A Hallucinatory Reality
Nothing lasts forever, and the Summer of Love was no exception. It came and went like a hallucinatory wisp of a thought blowing in the wind—away from me after an extraordinary acid trip I was wishing would never end. Smoke on the water, fire in the sky; I remember it well and I remember it not. I wandered the ways of Haight-Ashbury for a few weeks that summer of 1967, and they were the best of times and the worst of times. That’s what life is all about, the yin and the yang and everything in between. The good, the bad and the ugly.
On the Road Again
I was on the path into the deep west, the road winding onward through arroyos and mountain tops, forward and backward—that’s the way my mind was running, the bike underneath me roaring its way toward the West Coast, my thoughts racing into the past and back out again. The days were one and I was one. I felt free of the baggage I had been carrying all my life, reliving incidents and casting them aside. The road was a part of the process, part of me being there, part of what I would experience, the coming and the going, always fixed on the One, being part of it all and being part of the nothing, the Null and the Void. The road was my ever-changing goal.
San Francisco that summer of 1967 fell squarely at the epicenter of a really big happening, a change in the winds that would blow the country apart at the seams. I found myself stepping into an experience that, as of this writing, hasn’t happened since. Perhaps the Parkland High School students marching against the proliferation of guns will be the start of a new era, but I’m not holding my breath. People nowadays are too drugged by media. They’re hardly able to get up from watching TV and getting out. Back then, though, it really was different. We were far more free in our thinking. We let things roll and weren’t afraid of new ideas that could change the world. Today, it’s not so easy climbing the mountain of information that sways you back and forth. Still, I hold out hope for the second coming of the Summer of Love.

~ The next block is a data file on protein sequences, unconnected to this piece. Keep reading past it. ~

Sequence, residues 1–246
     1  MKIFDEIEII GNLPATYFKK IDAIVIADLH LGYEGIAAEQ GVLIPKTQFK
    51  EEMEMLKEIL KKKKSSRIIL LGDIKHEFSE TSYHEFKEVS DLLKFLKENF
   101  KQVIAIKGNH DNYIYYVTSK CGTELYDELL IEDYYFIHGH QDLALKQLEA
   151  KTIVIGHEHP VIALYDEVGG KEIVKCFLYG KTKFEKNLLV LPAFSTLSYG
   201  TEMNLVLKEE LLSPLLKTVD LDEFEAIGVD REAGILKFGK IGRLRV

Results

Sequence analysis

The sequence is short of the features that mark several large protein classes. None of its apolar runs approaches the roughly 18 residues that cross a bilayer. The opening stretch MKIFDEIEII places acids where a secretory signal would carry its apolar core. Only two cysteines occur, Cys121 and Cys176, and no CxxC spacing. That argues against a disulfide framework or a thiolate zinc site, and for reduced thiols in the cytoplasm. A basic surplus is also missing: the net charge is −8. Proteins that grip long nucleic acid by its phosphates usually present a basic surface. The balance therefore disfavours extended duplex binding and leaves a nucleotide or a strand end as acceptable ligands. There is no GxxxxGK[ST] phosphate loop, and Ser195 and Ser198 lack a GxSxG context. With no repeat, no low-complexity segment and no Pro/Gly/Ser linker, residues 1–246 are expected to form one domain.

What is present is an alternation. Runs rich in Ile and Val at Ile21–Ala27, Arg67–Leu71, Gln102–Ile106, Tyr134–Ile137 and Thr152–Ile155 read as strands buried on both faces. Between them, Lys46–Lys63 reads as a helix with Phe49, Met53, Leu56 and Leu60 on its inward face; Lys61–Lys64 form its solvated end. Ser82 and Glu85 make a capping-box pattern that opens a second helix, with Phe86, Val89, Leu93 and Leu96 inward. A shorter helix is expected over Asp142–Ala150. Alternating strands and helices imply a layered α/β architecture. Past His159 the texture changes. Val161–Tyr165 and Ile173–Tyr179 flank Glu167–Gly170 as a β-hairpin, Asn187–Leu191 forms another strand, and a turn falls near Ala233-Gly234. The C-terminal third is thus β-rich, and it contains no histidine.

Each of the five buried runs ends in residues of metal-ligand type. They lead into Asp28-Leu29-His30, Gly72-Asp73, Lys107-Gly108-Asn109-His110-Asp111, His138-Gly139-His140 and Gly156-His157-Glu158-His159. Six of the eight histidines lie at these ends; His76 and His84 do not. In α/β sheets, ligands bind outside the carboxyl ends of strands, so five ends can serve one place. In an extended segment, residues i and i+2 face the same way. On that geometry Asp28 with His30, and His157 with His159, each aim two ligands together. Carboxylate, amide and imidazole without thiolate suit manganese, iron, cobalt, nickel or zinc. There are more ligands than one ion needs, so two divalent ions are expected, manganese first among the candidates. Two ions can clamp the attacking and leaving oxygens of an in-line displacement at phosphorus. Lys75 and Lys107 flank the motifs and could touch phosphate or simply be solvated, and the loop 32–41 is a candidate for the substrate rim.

Yuppies, Not Hippies
Haight-Ashbury today is more or less gentrified. Most of the remnants of that Summer of Love in 1967 are gone, and the Hippies that made Haight-Ashbury happening have scattered to places where you would have to read between the lines to find them. Yes, there are head shops and people who resemble hippies, but it isn’t like it was back in the day. Most of it is for the tourists. Yuppies, not Hippies, fill the void. Still, I was lucky enough to be there for a few weeks that summer of 1967, when everything in the world changed.